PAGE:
[Translate] Today, with a heavy heart Sarah, Miriam, and I shut down Flavors of Israel. It was a project that we were all very excited about, but work and other things interfered with us devoting as much time as we needed to devote on the website. I haven’t talked about my professional life on the blog, but I do have a demanding full time job in the software industry. This really only leaves me with the weekend to find exciting and interesting food-related adventures to write about and photograph. In my case, maintaining two websites was more than I could handle. But don’t worry, we are all still great friends and plan to continue collaboration Click here to continue reading this post
[Translate] I love a rich Brazilian flan with an almost burnt caramel sauce. I grew up eating coconut flan that my grandmother’s Chinese cook used to make for dessert for special occasions and many a Shabbat dinner. So, when I decided to make it during the time Mr BT and I were courting, I was deflated when he told me that he loathes custard of any kind! I said, “but you haven’t had my flan. Maybe I can change your mind?” “All right, I will give it a try” he said. Well, I am happy to say that I did convert him that night, and I was not afraid to go ahead and make a Click here to continue reading this post
[Translate] I think my grandmother (z”l) would have been quite shocked by my erev Yom Kippur menu. It was definitely not the usual family fare. But, I have finally realised that we shouldn’t have a heavy meal before the 25 hour fast. It is just not healthy. So, I collected some interesting recipes for the meal. I found a very interesting Iraqi fish dish that was adapted from a 13th century Baghdadi cookbook called Kitab al-Tabikh. Al-Baghdadi’s Kitab al-Tabikh was for long the only medieval Arabic cookery book known to the English-speaking world, thanks to A.J Arberry’s path-breaking 1939 translation as `A Baghdad Cookery Book’ which was re-issued by Prospect Books in 2001 in Medieval Click here to continue reading this post
[Translate] I am still trying to finalize my menu for Yom Kippur on Sunday afternoon. I will be updating this post over the next few days. For erev Yom Kippur: Samak Mashwi bil-Summaq (Iraqi recipe of baked fish with a sumac stuffing) Carrot and Date Salad Israeli Couscous with Roasted Butternut Squash and Preserved Lemon Honey and Rosemary Goat Milk Ice Cream For break-the-fast: Crackers Cheese Smoked Salmon Baba Ganoush About 1 hour later, we will have: Keftes de Prasa (Leek patties) Keftes de Espinaca (Spinach patties) Carrot and Date Salad Mr. BT and I hope that you have an easy fast. Gmar Chatimah Tova (May you be sealed in the book of life).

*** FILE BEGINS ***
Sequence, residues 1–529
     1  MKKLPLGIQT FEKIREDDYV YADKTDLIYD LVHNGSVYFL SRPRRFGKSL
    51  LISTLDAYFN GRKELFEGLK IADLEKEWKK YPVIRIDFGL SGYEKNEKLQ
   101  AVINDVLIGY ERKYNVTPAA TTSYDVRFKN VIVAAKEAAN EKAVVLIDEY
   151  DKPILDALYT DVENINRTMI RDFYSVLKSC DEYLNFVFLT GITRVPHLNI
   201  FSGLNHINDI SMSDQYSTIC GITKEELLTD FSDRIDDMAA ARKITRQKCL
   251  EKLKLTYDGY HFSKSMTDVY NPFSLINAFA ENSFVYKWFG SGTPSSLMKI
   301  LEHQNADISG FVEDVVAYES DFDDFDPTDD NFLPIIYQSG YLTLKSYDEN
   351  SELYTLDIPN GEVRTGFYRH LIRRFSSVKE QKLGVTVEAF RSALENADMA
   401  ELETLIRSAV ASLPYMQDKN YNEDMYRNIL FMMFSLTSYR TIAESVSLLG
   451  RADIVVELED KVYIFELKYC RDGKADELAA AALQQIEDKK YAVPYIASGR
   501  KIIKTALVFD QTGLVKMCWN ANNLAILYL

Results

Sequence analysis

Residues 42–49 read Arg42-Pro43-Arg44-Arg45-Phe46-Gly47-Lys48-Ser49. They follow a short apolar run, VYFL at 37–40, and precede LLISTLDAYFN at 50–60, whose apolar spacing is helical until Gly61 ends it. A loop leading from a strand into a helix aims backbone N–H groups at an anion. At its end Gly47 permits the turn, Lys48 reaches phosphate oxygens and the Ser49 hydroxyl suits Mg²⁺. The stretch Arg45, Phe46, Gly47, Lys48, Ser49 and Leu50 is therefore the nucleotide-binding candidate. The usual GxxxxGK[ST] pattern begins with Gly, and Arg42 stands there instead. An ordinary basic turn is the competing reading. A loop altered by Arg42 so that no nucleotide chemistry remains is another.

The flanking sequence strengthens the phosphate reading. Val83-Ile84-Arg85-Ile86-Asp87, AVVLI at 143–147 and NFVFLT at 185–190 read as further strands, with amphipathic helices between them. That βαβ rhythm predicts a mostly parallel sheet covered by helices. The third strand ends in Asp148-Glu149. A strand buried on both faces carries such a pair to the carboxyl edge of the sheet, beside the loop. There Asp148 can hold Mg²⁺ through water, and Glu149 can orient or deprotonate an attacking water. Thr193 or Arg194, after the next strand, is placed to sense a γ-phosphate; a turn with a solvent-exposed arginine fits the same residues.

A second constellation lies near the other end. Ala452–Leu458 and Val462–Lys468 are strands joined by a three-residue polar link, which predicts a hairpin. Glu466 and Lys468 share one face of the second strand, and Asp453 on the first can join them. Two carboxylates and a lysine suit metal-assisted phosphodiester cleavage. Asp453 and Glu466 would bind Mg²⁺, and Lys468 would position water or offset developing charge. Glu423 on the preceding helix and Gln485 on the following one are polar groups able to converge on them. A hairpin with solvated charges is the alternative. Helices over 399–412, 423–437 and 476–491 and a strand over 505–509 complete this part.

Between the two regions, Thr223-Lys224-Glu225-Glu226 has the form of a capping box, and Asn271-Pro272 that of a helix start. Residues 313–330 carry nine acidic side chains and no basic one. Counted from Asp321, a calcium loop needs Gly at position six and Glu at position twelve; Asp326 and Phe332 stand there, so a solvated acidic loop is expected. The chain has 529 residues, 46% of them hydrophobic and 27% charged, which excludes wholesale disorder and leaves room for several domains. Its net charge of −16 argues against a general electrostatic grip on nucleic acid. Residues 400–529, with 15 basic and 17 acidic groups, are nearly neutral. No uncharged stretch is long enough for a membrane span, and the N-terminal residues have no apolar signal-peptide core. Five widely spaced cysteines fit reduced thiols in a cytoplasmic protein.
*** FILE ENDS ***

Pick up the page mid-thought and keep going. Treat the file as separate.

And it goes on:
[Translate] Erev Yom Kippur dinner at my parent’s and grandparent’s house was always a multi-course affair. It was really no different from the festive multi-course meal we had for Rosh Hashana. Since moving to Israel, I realized that these massive meals did not help with the 25 hour fast. In fact, they made it much more difficult. So, we had a two-course meal. I deboned chicken quarters by removing the the pelvic bone, thigh bone and half of the leg bone. If you buy your meat from a butcher, you can ask them to do this in advance. Otherwise, it is really not that difficult to do. I then stuffed it with a Syrian meat Click here to continue reading this post
[Translate] I am still trying to finalize my menu for the pre-fast meal on Wednesday afternoon. I don’t want to over do it. For erev Yom Kippur: Roasted chicken quarters with Hashu filling (Syrian ground beef, rice and pine nuts) Steamed green beans Fruit salad For break-the-fast: Crackers Cheese Smoked Salmon Baba Ganoush About 1 hour later, we will have: Chicken soup with matza balls Pomegranate Curd Tart Mr. Baroness Tapuzina and I hope that you have an easy fast. Gmar Chatimah Tova (May you be sealed in the book of life).
[Translate] Tomorrow at sundown begins the observance of and twenty-five hour fast during Yom Kippur. The meal before the fast should be simple, not too rich and not too spicy. It is better not to make the meal with garlic or hot peppers. At the completion of the fast, it is better to eat something that is not too hard on the stomach, so we usually break the fast by eating biscuits (cookies) and crackers, and of course some water, but not too fast or you will upset your stomach. A Yemenite co-worker told me today that I should drink a glass of fresh pomegranate juice before the fast, it will make the fast easier. Click here to continue reading this post